,~ I ,
J. Derek Booth
~hrOUghout the length and breadth of
Canada, rural landscapes are to
day experiencing a period of rapid
change, in response to continuing
shifts in the economic framework
of these areas. The reorientation
of agriculture, ongoing urbaniza
tion -with its corollary of ru
ral depopulation -the growth of
new industries and, particularly
in the Eastern Townships of the
Province of Quebec, the progres
sive expansion of recreational
land uses, have all contributed
to alterations in some of the
dominant economic and human char
acteristics of the region.
Change in any landscape, whether related to natural phenomena
or mans activities, is a continuous process. The human landscape,
in particular, demonstrates changes often reflected in land-use pat
terns, population distributions or in physical structures, such as
buildings, associated with a particular stage of regional develop
When we consider some of the remnant features in todays
landscape, we can achieve insight into many of the formative factors
in the historical evolution of a district, in addition to the more
complete picture of existing regional characteristics. In this
present period of rapidly changing countrysides, when many of the
traditional patterns of human activity, established during the n~ne
teenth and early twentieth centuries, are changing, so too are many
of the buildings associated with the settlement of the region.These
include churches, schools, mills of various kinds and many other
structures, not to mention railway stations. Although these rem-
ALTHOUGH THE STANSTEAD, SHEFFORD & CHAMBLY RAILWAYS ENGINEHOUSE AT
Waterloo, Quebec, has long since disappeared, the turntable remains
in a cover of long grass.July 1965. Photo courtesy J.D.Booth.
BROOKPORT, QUEBEC -JUNCTION OF CP RAILS NEWPORT, SHERBROOKE & ADIR
ondack Subdivisions on the night of 10 Januar~73. Freight Train
947 west from Saint John, N.B. waits for clearance into CTC territory.
Photo courtesy Dane H.G.Malcolm.
R A I L
nants have hitherto largely remained intact, they are now
being altered to fulfill new functions or are vanishing at a
Just as the railway was, in the period after 1850, the prin
cipal catalyst to the economic development and growth of the prov
lnces later to become Canada, at the same time it was the single
dominant factor in changing the appearance of rural, southern Que
bec in the century between 1850 and 1950.
Before the automobile and good roads, the railway was un-
questionably the chief economic and social link between the small
agricultural and industrial communities, which then flourished in
this region. The daily routine in these towns and villages was punc
tuated by the arrivals and departures of the trains. Moreover,these
same trains provided a hitherto unavailable means of transporting
relatively high-bulk -but low-value -goods to external markets.
The railway was the initial impetus which promoted a wide range of
economic activities, including lumbering, mining, greater agricul
tural production and the growth of manufacturing. Each of these
activities, in varying degrees, has left its indelible stamp on the
countryside of southeastern Quebec.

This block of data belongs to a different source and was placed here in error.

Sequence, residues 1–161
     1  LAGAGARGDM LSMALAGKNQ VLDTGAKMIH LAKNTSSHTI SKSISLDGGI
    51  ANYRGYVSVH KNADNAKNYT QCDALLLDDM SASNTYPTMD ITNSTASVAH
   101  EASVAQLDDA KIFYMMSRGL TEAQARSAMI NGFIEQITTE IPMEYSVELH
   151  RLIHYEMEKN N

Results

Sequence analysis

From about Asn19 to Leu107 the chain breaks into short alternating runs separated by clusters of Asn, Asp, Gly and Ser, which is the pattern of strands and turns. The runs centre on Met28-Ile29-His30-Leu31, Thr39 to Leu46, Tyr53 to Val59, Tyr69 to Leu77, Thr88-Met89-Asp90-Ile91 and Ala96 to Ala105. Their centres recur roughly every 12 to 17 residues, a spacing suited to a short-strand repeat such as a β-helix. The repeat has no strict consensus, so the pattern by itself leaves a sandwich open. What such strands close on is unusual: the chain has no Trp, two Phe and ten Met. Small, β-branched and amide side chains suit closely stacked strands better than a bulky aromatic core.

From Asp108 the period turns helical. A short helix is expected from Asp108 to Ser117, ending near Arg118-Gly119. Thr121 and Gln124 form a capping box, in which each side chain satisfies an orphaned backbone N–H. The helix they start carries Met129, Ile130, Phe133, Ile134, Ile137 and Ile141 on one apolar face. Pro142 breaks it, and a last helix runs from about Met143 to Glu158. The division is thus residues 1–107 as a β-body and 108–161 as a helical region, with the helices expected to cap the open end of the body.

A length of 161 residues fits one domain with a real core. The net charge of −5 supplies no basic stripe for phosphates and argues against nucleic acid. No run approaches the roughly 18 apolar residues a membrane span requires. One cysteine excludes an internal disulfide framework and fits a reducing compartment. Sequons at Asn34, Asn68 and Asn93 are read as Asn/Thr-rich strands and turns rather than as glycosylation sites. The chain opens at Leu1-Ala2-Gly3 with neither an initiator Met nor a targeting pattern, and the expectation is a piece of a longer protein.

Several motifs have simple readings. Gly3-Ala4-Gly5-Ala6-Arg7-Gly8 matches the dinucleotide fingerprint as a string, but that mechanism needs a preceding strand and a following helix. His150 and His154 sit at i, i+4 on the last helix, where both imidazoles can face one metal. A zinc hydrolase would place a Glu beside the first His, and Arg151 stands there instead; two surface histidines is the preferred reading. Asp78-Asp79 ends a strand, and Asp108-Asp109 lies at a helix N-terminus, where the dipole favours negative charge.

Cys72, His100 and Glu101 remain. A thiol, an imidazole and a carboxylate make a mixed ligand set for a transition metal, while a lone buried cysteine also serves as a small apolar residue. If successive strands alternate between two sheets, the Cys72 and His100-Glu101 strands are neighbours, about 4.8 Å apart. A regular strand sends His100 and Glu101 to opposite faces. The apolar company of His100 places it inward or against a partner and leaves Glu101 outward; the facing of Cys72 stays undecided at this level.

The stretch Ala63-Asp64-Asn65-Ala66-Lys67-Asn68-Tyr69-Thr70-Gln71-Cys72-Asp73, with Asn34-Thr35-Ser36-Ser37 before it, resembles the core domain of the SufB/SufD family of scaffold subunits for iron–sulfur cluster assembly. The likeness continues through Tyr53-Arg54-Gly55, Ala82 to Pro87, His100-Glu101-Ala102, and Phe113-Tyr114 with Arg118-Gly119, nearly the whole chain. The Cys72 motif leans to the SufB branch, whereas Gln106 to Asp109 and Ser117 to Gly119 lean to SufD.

The railway in its role as an enhancer of economic develop
ment has left a substantial legacy of remnant features in the land
scape and, in some instances, continues to maintain a considerable
physical plant which still functions. And here and there in the
countryside there are many indications of the extent of former rail
networks. Rusting turntables, overgrown but still identifiable old
rights-of-way, converted pieces of rolling stock -all these bits
of railway history -are scattered through the region which the
railway served to shape.
Although shiny rails still penetrate many corners of south
eastern Quebec, trains today are less numerous, passenger service
is skeletal and many structures on these lines -notably the rail
way stations -are either abandoned or have already been demolished.
This is the inevitable result of internal changes in railway opera
ting policies and procedures and the emergence of alternate forms
of transportation and communication such as the automobile and the
highway bus and truck. These latter have, of course, largely usurped
many of the traditional functions of the railway as a mover of
goods and people.
The railway station used to be the single most common
familiar feature of the villages and towns of every province
Canada. It was the contact point between the town and the
region, the interface between the somnolent agricultural
the bustling industrial town and the world away and beyond;
point where journeys to an unknown land began and ended.
This ubiquitous building, once so common, is todoy fast fad-
ing from the rural landscape. There are many reasons for its dis-
appearance, the simplest of which include large-scale branch-line
abandonments, reduction and elimination of passenger train service,
technological advances in railway operating practices, changing
demographic patt~rns and, most significant of all, the advent of
the automobile, the highway truck and the autoroute.
Formerly, the term railway station was familiar and, to a
degree, self-evident. Today, it is becoming increasingly difficult